By Christie Leist
I have always been a planner. I thrive on Post-it Note reminders; I buy bus tickets home to New Jersey months in advance; and once, during an emotional breakdown in college, I referred to my hand-written planner as “the love of my life.” And I meant it. Ok, I’ve done this more than once.
My type 1 diabetes tries to threaten my love affair with planning on a daily basis. There are seemingly endless factors that have the potential to throw my blood sugars out of balance and leave me out of control. I need to put on my planning shoes any time that I am about to ingest anything that isn’t water.
They say that by failing to prepare, you are preparing to fail; a statement that no doubt rings true for anyone with diabetes who hasn’t had an emergency juice box on hand when a hypo strikes.
It’s not that I mind thinking about how different kinds of food and insulin will affect my blood sugar levels throughout the day, but as unforeseen or forgotten factors turn-up, sometimes the plan must change.
The best I can do—the best any type 1 can do—is to pause before taking insulin and really think about what plan makes sense on that day and in that moment. Taking this most precious moment to prepare, however cumbersome it may seem, can save you hours of worrying and probably reduce wrinkles (at least that’s what I tell myself!)
Everyone’s blood sugar patterns are different, but these are the questions I run through in my mind before I take insulin to (hopefully) avoid a drastic drop or spike.
I might be pancreatically challenged by nature, but I’m a planner by habit. It’s my key to survival. Make planning the cornerstone of managing your diabetes by jotting down 5 go-to questions to review before taking insulin. While everyone’s lifestyles and blood sugar patterns are different, here are 5 factors I consider. I hope applying these questions to your own diabetes management might give you some inspiration to start your own love affair with planning.
If my next snack or meal is going to be in a couple of hours, I know I can relax because this means I have another opportunity to correct a blood sugar level problem soon. This can get tricky when you have a party or social event that you want to stay hungry for, but dropping a unit to be at prime snack level (oh, and of course, blood sugar level) for that Chinese buffet is worth a single moment of planning beforehand.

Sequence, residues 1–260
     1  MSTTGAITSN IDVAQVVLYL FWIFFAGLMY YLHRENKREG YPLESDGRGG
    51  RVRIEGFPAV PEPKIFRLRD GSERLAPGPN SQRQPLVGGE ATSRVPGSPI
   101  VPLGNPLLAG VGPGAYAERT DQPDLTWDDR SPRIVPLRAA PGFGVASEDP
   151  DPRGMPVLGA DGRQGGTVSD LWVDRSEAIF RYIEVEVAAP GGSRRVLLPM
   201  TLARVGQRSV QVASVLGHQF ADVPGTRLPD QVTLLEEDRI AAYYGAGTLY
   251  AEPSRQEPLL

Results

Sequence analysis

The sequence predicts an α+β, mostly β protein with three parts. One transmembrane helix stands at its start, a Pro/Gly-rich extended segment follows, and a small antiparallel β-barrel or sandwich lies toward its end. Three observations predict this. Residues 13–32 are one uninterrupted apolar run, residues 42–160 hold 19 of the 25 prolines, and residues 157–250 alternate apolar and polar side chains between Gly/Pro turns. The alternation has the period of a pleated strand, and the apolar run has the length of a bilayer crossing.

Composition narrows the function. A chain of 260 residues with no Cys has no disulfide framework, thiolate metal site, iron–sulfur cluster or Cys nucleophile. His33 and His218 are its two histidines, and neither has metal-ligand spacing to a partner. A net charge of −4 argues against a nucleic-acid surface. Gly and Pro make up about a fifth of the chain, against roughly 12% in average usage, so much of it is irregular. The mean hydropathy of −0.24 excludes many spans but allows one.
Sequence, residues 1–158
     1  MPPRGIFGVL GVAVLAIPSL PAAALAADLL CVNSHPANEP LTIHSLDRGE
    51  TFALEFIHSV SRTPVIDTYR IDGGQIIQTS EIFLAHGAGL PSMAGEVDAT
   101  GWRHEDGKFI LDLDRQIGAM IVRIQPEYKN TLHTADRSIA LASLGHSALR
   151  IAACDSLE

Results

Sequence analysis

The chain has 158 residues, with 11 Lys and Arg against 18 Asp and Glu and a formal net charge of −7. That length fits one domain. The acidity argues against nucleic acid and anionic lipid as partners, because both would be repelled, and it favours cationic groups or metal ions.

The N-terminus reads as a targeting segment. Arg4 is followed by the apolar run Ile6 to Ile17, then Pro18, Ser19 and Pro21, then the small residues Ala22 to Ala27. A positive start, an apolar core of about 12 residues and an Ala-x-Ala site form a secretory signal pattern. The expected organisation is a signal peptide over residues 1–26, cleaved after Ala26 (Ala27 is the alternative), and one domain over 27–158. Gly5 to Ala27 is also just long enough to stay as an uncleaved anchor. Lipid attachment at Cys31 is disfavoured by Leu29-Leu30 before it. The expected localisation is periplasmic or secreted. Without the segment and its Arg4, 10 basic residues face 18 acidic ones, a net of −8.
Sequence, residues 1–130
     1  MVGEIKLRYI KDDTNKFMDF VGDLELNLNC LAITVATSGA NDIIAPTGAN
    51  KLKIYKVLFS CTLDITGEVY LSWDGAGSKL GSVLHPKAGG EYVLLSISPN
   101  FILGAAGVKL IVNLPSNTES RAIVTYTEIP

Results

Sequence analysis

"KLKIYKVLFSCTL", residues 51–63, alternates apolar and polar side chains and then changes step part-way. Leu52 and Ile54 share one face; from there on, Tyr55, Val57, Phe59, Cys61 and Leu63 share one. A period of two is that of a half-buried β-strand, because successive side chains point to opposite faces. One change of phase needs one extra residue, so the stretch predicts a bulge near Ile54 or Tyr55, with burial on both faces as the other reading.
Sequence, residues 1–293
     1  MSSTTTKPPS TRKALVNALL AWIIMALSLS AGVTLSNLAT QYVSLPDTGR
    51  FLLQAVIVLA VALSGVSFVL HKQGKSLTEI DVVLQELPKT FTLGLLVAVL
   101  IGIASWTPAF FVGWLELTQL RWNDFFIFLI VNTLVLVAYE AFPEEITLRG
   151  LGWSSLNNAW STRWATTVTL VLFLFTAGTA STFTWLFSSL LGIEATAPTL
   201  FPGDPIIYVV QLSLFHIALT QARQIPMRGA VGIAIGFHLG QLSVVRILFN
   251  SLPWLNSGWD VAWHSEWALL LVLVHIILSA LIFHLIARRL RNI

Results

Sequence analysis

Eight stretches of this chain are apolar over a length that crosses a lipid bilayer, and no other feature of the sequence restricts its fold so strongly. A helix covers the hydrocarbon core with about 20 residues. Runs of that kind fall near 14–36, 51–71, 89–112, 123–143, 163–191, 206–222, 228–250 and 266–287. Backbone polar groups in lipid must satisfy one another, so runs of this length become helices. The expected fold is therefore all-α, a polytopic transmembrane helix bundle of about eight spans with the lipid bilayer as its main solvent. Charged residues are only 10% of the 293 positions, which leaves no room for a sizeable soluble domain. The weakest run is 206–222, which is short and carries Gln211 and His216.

Anyone who has hit a 300+ blood sugar level at a Chinese buffet (everyone has their coping mechanisms) knows how important it is to know how to eat your favorite guilty pleasure without feeling too guilty afterward. Before engaging in a “risk meal” consider what happened the last time you ate the exact same thing. I used to keep notes on my phone by recording what I ate and what my blood sugar level was. This way, you can refer back to your note next time you want to eat that bad-for-diabetes-food and plan accordingly. I like to work with food instead of around it.
Exercise can have a delayed effect on blood sugar. I always work out early in the morning, when I tend to see my highest numbers of the day, so my blood sugar is relatively steady through around 1 pm. This means I don’t need to drop units at lunch because I rarely see a harsh drop right after exercise. I do, however, need to consider my activity level (even if I worked out hours prior) in the late afternoon and into the evening because that is when my exercise-induced insulin sensitivity kicks in. It can be awkward chugging a juice box on the train ride home from work, so I actively skip insulin for my 3:30 pm snack.
Pancreatically challenged or not, everyone has “low days.” Those of us who do have lows in a more literal sense, need to keep that in mind when taking insulin on a low day. Sometimes lows respond very quickly (and even a little too well) to an emergency juice box, meaning a juice box might bring you up from 60 to 200. In my experience, having juice alone, even if it cures the problem in the moment, doesn’t always work long-term. If it’s a low day, it might be necessary to drop units or choose higher protein options later in the day to make sure another blood sugar low drop doesn’t sneak up.
If there will be alcohol in my system, I am taking less insulin. Alcohol has made me drop overnight one too many times. This is another scenario where planning around what you’re ingesting is more satisfying and safer than just hoping for the best. If an engagement that involves drinking pops up, factor in a snack before bed; avoid being in a position where you could drop out of control.
The importance of being a planning girl in a diabetic world? Living your life, the way you want to live it. Eat the food that you want to eat. Do the things that you want to do. Your plans for tomorrow, next week, or next month may not unfold as you expect, but that’s ok. If you know that changes to your plan are inevitable, you’ll be more prepared to make new plans when a challenge presents itself.